For Ali Hanna, skiing down mountain slopes, dashing across tennis courts, and taking business trips to South America and his native Ireland were the norm. Then, in the fall of 2011, while recovering from routine hernia repair surgery, his stomach began to feel persistently “sour.”
“I assumed it was related to the hernia surgery,” recalls the former management consultant. As a precaution, his internist recommended that he undergo a colonoscopy and a sonogram of his upper intestine. During the test, the radiologist noticed two dark spots on Ali’s chest wall.
“I was told that the spots could be anything – inflammation, a tumor, they didn’t know,” he explains. Additional tests were ordered at Memorial Sloan Kettering, where Ali had been treated successfully several years earlier for melanoma of the eye (ocular melanoma).
A Tricky Diagnosis
Thoracic surgeon Nabil P. Rizk performed the biopsy, passing flexible tubing through Ali’s mouth to his chest to remove tissue for analysis by a pathologist. Although the team found no cancer, Dr. Rizk wasn’t convinced that this was an all-clear sign, since Ali had been treated for cancer once before.
“At first we celebrated because we thought that not having more melanoma was a good thing. Then we looked up mesothelioma and realized that I’d gone from the frying pan into the fire.”
—Ali Hanna, Mesothelioma Survivor
Several weeks later, the test was repeated and a lymph node biopsy was taken. Still nothing was found. “But Dr. Rizk wasn’t happy,” recalls Ali. “He told me, ‘I think we missed it’ – probably because of my previous bout with cancer. He thought they had to be related in some way.” A third test was performed using a different approach, which involved entering the chest cavity through the back using a syringe.
When the results came in, Ali and his wife were in Brazil. Although melanoma had been suspected, the pathologists determined that the spots were mesothelioma, a cancer of the lining that covers and protects many of the body’s internal organs, including the lungs, abdominal organs, and heart.
“At first we celebrated because we thought that not having more melanoma was a good thing,” recalls Ali. “Then we looked up mesothelioma and realized that I’d gone from the frying pan into the fire.”
Cancer 50 Years after Asbestos Exposure
In most cases mesothelioma is caused by exposure to asbestos, building material that was commonly used for insulation and fire protection until it was banned in most developed countries during the 1980s. Ali’s career had been in management consulting, not construction, so at first he was puzzled.
“Then I remembered that in 1963, I had a summer job in a manufacturing plant where I cut sheets of asbestos,” he says. “I think that’s how this happened.”
It doesn’t take a lot of exposure to asbestos to contract this cancer, explains Ali’s doctor, thoracic oncologist Lee M. Krug, who is also the director of Memorial Sloan Kettering’s Mesothelioma Program.
Treating Pleural Mesothelioma at Memorial Sloan Kettering
At Memorial Sloan Kettering, doctors turn to the institution’s database of more than one thousand mesothelioma patients – the world’s largest – to help in formulating a treatment approach. The database is invaluable in choosing not only who is a good candidate for surgery, but which type of surgery will likely be the most effective for a person’s subtype of mesothelioma.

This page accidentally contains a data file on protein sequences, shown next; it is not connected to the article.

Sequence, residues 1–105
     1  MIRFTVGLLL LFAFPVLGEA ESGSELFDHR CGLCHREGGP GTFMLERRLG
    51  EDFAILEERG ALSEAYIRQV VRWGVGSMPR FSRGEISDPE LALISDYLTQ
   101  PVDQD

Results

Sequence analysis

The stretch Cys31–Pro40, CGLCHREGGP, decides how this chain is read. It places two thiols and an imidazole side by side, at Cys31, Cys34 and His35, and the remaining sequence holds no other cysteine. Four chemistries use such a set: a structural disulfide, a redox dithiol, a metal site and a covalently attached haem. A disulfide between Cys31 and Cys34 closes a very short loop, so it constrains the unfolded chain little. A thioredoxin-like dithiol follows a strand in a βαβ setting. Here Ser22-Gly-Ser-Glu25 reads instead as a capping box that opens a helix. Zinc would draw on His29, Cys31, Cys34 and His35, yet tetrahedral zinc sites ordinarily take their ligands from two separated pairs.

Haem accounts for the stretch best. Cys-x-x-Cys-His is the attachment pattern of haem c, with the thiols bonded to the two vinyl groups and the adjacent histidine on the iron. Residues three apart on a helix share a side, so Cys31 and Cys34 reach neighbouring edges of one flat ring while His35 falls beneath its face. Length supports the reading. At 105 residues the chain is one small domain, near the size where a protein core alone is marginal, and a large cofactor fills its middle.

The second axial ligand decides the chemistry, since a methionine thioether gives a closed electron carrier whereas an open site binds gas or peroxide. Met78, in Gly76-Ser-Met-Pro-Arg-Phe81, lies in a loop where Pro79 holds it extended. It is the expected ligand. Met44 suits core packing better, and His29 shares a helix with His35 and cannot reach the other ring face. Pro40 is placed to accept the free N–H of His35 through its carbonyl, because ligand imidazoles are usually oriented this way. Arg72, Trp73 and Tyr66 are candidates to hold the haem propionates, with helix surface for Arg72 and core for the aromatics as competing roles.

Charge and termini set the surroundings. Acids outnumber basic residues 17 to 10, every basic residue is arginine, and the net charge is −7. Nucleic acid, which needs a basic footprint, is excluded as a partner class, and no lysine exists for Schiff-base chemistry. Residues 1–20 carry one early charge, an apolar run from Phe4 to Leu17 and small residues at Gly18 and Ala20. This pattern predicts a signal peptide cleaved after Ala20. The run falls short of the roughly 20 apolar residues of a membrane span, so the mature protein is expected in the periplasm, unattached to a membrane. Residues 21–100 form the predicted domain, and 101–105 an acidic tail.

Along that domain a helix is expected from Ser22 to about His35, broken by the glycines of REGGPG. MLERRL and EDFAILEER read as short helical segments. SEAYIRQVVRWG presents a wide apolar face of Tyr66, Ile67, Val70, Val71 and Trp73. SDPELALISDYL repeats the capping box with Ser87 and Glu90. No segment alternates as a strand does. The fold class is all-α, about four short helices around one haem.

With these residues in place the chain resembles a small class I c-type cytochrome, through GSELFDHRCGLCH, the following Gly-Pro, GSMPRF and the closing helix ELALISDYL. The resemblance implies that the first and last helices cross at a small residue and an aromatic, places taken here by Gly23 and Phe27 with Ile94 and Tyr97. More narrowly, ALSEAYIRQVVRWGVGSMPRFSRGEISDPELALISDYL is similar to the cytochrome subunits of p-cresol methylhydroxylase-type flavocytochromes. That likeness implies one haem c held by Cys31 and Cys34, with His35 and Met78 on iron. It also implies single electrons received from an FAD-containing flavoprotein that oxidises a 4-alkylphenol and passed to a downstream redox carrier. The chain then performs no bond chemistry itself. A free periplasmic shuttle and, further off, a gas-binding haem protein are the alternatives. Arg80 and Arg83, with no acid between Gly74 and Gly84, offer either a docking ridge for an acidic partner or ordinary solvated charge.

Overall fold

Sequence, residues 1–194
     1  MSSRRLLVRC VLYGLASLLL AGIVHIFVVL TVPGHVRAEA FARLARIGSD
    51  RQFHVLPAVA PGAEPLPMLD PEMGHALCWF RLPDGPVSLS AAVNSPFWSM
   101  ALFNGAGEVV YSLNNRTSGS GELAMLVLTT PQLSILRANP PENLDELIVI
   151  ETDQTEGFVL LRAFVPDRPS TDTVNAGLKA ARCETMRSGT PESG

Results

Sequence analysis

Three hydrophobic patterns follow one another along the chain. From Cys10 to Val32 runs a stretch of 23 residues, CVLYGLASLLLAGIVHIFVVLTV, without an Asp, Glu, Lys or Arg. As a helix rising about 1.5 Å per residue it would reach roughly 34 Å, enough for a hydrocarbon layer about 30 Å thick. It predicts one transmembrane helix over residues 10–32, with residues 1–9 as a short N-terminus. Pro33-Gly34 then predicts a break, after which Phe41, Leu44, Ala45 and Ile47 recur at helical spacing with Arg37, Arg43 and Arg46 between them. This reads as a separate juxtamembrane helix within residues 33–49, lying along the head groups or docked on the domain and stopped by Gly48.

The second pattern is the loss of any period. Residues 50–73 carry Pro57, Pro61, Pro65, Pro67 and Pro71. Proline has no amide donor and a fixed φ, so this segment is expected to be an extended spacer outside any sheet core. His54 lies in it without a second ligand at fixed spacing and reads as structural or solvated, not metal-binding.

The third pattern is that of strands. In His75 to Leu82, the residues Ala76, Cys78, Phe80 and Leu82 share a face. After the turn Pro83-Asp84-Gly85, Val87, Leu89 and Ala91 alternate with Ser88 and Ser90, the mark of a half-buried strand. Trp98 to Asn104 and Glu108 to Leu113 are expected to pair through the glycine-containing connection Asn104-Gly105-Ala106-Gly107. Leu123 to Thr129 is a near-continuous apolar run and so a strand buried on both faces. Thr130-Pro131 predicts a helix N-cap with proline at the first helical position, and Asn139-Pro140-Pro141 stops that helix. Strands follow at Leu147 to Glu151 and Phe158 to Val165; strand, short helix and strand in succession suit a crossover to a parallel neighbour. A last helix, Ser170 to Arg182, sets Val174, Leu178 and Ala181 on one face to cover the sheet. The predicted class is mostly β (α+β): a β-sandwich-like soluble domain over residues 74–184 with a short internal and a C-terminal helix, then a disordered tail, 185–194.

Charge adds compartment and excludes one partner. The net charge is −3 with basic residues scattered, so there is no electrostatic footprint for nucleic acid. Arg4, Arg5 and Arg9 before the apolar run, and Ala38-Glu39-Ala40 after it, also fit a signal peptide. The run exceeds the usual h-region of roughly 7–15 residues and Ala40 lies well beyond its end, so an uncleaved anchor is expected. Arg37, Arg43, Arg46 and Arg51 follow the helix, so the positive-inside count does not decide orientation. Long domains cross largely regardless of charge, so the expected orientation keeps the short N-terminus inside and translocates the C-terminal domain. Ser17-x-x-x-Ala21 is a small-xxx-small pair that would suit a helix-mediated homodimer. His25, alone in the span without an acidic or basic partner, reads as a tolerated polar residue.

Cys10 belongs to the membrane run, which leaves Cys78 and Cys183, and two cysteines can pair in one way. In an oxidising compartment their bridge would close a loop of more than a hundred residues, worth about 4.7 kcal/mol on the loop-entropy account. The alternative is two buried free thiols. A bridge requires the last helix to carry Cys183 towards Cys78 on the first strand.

Experts in surgery, radiation, and chemotherapy discussed Ali’s case, and developed a multimodal treatment approach for him that involved surgically removing the cancerous spots, along with several other tumors, a portion of his pleura and one rib.
Ali then underwent four cycles of chemotherapy and a month of intensity-modulated radiation therapy (IMRT). This highly targeted approach enables doctors to deliver radiation directly to the pleura, with lower risk of side effects than standard radiation therapy. For people with mesothelioma, IMRT can reduce the risk of damaging the lungs.
—Lee Krug, Thoracic Oncologist
Ali’s team also recommended that he enroll in a clinical trial testing the Wilms’ tumor 1 (WT1) analog peptide vaccine, a drug developed at Memorial Sloan Kettering to boost the immune response to this kind of tumor.
Ali’s treatments were completed in April 2012. “Although patients with mesothelioma are never really cured,” explains Dr. Krug, “Ali was faring well.”
Memorial Sloan Kettering doctors also identified a gene, BAP1, which appears to predispose people to the development of ocular melanoma and mesothelioma – both of which Ali had.
So at Dr. Krug’s suggestion, Ali enrolled in a study to learn whether he is carrying a mutation in BAP1. It turns out that Ali does not have this mutation, although if he had it would have likely been very useful for close relatives such as his brother to know, as they could have chosen to undergo regular screenings for these cancers.
Golf Tournament Champion
His treatment completed, Ali flew to Ireland for an annual golf tournament with a group of friends. Although he expected to relax and ride on a golf cart, Ali surprised himself and his friends by playing ten rounds in seven days, never using the cart, and winning the entire tournament.
Now Ali continues to play tennis weekly, and he and his wife are back on the ski slopes.
He also undergoes quarterly scans to detect possible recurrences, and when his doctors found another tumor in his lung in late 2013, they devised a new course of treatment for him. The approach involves a novel immunotherapy with an investigational drug called tremelimumab, designed to stimulate the body’s immune system to attack and kill cancer cells.
“Throughout this entire process, I’ve felt like everyone is on my side,” explains Ali. “Drs. Krug and Rizk, and the nurses – everyone at Memorial Sloan Kettering – have been fantastic, really cheering me on. I simply couldn’t have asked for a better team.”